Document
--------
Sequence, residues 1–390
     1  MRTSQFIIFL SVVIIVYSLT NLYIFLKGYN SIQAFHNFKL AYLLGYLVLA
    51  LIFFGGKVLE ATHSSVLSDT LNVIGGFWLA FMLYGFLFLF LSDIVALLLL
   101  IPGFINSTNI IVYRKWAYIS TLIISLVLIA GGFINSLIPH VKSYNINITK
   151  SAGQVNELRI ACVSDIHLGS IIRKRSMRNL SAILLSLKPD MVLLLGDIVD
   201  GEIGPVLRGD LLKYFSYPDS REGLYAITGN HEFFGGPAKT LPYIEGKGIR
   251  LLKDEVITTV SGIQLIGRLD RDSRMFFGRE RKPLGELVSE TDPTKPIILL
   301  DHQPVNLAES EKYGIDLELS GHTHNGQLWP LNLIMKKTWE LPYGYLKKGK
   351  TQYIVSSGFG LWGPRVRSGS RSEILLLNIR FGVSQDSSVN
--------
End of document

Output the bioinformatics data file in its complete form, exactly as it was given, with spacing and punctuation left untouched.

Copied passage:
Sequence, residues 1–390
     1  MRTSQFIIFL SVVIIVYSLT NLYIFLKGYN SIQAFHNFKL AYLLGYLVLA
    51  LIFFGGKVLE ATHSSVLSDT LNVIGGFWLA FMLYGFLFLF LSDIVALLLL
   101  IPGFINSTNI IVYRKWAYIS TLIISLVLIA GGFINSLIPH VKSYNINITK
   151  SAGQVNELRI ACVSDIHLGS IIRKRSMRNL SAILLSLKPD MVLLLGDIVD
   201  GEIGPVLRGD LLKYFSYPDS REGLYAITGN HEFFGGPAKT LPYIEGKGIR
   251  LLKDEVITTV SGIQLIGRLD RDSRMFFGRE RKPLGELVSE TDPTKPIILL
   301  DHQPVNLAES EKYGIDLELS GHTHNGQLWP LNLIMKKTWE LPYGYLKKGK
   351  TQYIVSSGFG LWGPRVRSGS RSEILLLNIR FGVSQDSSVN